Somali factions sign peace pact in Nairobi
WARLORD Mohamed Ali Mahdi flew back to Somalia Saturday after signing a peace pact with his arch rival, Gen. Mohamed Farah Aideed, that offered a slim hope for restoring government in the country.Skip to next paragraph
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Fifteen Somali militia factions signed the vague accord Thursday that calls for further talks in Mogadishu in April and May to establish a parliament and elect a president. ``The politicians signed because they realized if they didn't, the Somali people would be abandoned by the international community,'' Mr. Ali Mahdi said from his heavily guarded house in north Mogadishu.
The UN-brokered talks in Nairobi provided a minimum guarantee of peace, but the factions have promised peace at previous talks only to quarrel again.
After the warlords ousted dictator Maj. Gen. Mohamed Siad Barre in January 1991, Ali Mahdi convinced his allies to confirm him as ``president'' in talks in Djibouti. That angered General Aideed, and a civil war erupted in Mogadishu in late 1991.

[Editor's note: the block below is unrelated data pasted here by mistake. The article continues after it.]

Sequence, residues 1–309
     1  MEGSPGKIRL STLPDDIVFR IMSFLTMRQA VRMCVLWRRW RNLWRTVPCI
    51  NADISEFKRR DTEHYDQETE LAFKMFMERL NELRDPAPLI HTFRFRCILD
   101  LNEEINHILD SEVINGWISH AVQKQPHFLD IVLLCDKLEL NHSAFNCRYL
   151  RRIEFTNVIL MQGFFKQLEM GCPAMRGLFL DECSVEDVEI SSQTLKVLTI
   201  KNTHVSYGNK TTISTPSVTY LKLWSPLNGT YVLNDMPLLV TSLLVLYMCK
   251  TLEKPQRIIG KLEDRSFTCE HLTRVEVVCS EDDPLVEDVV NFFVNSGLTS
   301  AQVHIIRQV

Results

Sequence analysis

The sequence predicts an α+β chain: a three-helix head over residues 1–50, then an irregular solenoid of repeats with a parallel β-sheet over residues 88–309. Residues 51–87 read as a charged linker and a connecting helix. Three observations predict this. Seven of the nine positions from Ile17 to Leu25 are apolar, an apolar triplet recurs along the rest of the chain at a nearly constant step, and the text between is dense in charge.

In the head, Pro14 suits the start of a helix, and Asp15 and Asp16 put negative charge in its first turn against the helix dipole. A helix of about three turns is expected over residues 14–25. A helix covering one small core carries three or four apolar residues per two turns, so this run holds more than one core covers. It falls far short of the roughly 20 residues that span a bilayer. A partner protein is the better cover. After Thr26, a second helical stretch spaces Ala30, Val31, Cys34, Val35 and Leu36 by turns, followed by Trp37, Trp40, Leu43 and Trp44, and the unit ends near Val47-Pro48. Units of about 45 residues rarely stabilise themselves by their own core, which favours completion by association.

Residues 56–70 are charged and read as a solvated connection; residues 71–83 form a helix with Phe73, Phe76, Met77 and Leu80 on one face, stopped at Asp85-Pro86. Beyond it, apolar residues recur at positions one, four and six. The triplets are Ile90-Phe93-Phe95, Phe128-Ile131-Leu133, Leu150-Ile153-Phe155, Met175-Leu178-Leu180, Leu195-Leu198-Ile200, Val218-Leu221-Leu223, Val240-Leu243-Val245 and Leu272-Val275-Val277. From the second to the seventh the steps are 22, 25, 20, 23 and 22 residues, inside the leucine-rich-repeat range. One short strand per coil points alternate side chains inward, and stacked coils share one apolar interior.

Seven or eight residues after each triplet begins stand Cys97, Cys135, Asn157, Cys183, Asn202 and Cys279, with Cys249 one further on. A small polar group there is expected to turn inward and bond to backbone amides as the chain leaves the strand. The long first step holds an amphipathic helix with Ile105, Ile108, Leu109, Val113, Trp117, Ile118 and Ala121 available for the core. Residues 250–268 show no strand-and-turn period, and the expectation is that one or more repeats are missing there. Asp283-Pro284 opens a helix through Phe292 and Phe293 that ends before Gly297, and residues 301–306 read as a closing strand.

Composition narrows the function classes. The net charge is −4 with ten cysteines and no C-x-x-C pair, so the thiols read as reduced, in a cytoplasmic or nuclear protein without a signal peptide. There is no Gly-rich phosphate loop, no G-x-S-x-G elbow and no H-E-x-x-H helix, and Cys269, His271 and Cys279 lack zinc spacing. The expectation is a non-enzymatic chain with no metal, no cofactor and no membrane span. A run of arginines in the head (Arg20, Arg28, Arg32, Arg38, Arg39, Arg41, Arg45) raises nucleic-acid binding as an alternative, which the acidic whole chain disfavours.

The feuding caused a famine that killed an estimated 300,000 people, leading to military intervention by US-led forces in December 1992. On Friday, the last US troops from a multinational peacekeeping force left Somalia. Ali Mahdi said he was disappointed the peacekeeping force abandoned its mandate of disarming Somali militias: He wanted them to stay and rebuild the Somali police force.
Ethnic violence abates in Burundi
A SIX-DAY ethnic clash that turned an outlying area of Burundi's capital of Bujumbura into a ghost town has ended, diplomats and relief officials said Saturday.
Hundreds of civilians and combatants died during battles between Burundi's Tutsi-dominated Army and militants of the majority Hutu tribe.
Some 15,000 people fled to neighboring Zaire while troops with armored cars fought armed Hutu men in and around the northeast Bujumbura suburb of Kamenge, which was sealed off by the Army for several days.
Government officials estimate the death toll since March 19 to be as high as 2,000, but Westerners in the capital believe it was about 500.
The World Food Programme sent two trucks with 44 tons of food Saturday to Zaire to feed the latest wave of refugees. WFP officials said 19 trucks were being loaded in Uganda with food for displaced people.